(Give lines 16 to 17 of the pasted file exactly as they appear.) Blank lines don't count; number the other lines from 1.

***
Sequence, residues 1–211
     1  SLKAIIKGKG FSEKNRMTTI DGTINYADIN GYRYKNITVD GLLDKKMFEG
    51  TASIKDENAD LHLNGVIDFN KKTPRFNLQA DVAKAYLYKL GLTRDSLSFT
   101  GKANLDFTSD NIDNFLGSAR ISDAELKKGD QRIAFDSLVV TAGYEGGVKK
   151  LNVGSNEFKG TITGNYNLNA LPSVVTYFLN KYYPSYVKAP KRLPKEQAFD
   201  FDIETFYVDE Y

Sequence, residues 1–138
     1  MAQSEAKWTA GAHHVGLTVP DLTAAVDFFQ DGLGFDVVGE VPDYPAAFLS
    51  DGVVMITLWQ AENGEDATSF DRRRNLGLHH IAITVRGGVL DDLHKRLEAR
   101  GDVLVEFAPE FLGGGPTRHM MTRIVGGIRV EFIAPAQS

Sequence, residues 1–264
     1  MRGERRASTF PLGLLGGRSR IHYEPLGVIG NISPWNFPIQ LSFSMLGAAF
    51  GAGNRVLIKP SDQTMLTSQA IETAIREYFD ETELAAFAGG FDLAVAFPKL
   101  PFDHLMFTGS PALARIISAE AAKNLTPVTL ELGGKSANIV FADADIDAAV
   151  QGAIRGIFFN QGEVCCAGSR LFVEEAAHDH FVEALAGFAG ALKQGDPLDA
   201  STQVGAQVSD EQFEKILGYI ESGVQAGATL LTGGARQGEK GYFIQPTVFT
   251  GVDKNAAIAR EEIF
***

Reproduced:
   201  STQVGAQVSD EQFEKILGYI ESGVQAGATL LTGGARQGEK GYFIQPTVFT
   251  GVDKNAAIAR EEIF